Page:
The Bohemian Flats were home to many waves of immigrants from 1860 to 1930. It was a small community with 500 homes, described by some as 'quaint' and others as a 'shantytown.' There are accounts of Christian missionaries in the 1900s that were afraid to go to the flats because of stories of drunken brawls. Others often described it as a 'little European Village.' There were some years when it was difficult to find a home to buy because so many people wanted to live there.

The homes were made of wood, the fences dedicatedly whitewashed, the children well-fed and well cared for. By most standards, this community was thriving. Then why was it a sign of success when the residents moved 'up the hill into the bluffs above?' Why are some former residents proud of living on the flats and why are some embarrassed to admit their family's first neighborhood? Why was this community a first-stop for some and a home-sweet-home for others. Although it has been called many other things like Danish Flats, Brewery Flats and Slovak Flats, why would the Minneapolis Park Board pick the word 'bohemian' to be associated with this area and this history? What is the allure of the dual meaning and is it intentional?  

For our one-day festival, we are seeking art and artists who explore the meaning and experiences that all immigrants have when they come to America , specifically Minnesota . Themes are sense of loss, transitions and journeys, loss of culture, assertion of culture, diversity, cultural misconceptions, language barriers, cultural celebrations and traditions, alienation, bureaucracy, loss of personal power, economic success, 2nd and 3rd generation immigrant family's relationship to their homeland, cultural heritage, loss of heritage, or specific immigrant groups' influence on American culture.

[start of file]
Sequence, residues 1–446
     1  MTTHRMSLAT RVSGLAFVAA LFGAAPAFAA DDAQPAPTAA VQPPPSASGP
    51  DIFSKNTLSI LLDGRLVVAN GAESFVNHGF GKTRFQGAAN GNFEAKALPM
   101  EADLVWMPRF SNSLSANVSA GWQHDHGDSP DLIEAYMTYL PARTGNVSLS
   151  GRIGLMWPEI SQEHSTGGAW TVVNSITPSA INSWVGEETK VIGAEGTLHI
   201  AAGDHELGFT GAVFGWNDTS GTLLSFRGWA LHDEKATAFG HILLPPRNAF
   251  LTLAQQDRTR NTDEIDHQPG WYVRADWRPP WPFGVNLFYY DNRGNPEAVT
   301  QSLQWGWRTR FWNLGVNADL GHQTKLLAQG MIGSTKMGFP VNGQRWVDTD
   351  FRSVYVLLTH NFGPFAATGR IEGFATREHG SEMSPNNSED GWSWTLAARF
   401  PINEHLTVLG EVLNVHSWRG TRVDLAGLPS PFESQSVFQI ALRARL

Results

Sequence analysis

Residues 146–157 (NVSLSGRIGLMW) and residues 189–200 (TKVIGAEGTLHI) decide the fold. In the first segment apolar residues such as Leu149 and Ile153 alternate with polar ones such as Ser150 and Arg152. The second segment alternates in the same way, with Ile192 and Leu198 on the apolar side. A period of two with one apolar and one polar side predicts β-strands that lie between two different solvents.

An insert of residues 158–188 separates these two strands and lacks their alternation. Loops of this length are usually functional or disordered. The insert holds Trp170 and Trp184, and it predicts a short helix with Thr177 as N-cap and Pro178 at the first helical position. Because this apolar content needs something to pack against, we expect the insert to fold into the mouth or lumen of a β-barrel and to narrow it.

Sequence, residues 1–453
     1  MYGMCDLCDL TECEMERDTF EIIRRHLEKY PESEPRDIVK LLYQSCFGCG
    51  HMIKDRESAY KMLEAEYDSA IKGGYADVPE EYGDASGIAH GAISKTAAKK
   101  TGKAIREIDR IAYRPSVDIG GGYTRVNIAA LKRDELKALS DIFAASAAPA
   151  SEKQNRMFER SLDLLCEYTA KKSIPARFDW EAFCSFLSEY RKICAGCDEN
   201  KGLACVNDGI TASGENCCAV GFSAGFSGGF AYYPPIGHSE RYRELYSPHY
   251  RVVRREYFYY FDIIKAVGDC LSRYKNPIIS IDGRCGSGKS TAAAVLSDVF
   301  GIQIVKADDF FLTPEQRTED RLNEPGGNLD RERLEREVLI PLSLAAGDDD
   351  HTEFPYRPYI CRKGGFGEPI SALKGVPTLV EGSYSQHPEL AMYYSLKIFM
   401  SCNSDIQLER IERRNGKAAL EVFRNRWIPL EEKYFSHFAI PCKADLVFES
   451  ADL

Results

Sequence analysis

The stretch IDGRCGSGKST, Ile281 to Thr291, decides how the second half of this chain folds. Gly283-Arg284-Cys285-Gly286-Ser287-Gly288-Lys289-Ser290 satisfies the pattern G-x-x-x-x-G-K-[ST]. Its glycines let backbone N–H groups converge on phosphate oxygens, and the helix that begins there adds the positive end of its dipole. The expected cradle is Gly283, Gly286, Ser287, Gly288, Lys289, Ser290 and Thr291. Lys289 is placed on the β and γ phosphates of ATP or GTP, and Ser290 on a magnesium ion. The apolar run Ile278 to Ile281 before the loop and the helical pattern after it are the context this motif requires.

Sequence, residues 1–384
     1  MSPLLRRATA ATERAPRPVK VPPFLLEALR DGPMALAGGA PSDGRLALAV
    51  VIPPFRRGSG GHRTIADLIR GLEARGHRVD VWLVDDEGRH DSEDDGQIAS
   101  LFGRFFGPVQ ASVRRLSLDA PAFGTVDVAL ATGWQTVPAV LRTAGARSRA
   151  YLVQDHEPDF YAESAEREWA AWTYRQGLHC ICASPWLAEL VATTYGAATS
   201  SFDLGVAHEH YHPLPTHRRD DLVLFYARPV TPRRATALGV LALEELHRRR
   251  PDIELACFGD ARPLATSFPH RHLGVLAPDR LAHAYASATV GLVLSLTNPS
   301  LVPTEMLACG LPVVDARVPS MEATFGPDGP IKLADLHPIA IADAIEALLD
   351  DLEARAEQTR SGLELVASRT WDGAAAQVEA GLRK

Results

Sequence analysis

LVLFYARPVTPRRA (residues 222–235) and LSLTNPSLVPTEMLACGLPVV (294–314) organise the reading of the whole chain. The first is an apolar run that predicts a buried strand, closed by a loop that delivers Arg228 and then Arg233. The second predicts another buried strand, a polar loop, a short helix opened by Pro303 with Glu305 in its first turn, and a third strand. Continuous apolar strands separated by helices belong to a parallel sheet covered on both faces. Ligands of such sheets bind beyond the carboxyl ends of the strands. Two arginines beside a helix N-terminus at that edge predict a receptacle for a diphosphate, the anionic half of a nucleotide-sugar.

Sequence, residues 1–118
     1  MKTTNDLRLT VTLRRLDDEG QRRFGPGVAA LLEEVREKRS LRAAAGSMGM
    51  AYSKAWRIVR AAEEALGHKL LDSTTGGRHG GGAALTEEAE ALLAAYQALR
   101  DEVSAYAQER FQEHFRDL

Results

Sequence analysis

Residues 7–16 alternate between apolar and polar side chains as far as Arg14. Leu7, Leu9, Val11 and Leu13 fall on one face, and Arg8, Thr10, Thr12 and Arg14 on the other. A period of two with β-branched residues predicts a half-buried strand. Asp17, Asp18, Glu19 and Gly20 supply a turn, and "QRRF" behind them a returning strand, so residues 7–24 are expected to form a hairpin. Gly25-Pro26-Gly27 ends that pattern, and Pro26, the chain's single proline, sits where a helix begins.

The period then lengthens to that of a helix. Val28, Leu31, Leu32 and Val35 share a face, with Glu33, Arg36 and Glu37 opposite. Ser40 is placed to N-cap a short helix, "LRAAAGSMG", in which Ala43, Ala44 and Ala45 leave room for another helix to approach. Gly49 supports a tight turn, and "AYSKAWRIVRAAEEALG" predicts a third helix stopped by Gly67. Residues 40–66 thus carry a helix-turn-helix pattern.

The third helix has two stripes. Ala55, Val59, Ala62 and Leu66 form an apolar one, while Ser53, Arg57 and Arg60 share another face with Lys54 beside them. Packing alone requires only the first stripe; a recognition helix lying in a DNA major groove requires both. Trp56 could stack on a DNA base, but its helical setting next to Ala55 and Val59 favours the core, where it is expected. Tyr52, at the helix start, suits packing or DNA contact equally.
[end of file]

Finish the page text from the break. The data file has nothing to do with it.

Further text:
Please email your submissions to Gera Pobuda with a short bio and artist statement.    

Your art will be shown in a vinyl 20x20 tent with other artists work to an audience of approximately 500 people interested in immigration history and art that interprets this history. Your name will be displayed and patrons will have an opportunity to contact you privately regarding the sale of your art. Bohemian Flats Day assumes no responsibility for your art and will no collect a portion of your sales. We welcome and want to provide a space for other artists that are using art to interpret the American Immigrant experience and the experiences associated with it.

Volunteers are always needed! We have jobs large and small.

For the interested armchair or professional historian, we have research jobs. For the happy-to-help types we have greeter jobs, set up and take down jobs, hot dog grillers, sign hangers, table washers, and musician and dancer helpers.

We appreciate our volunteers. We always have fun down on the river with the history, art and music!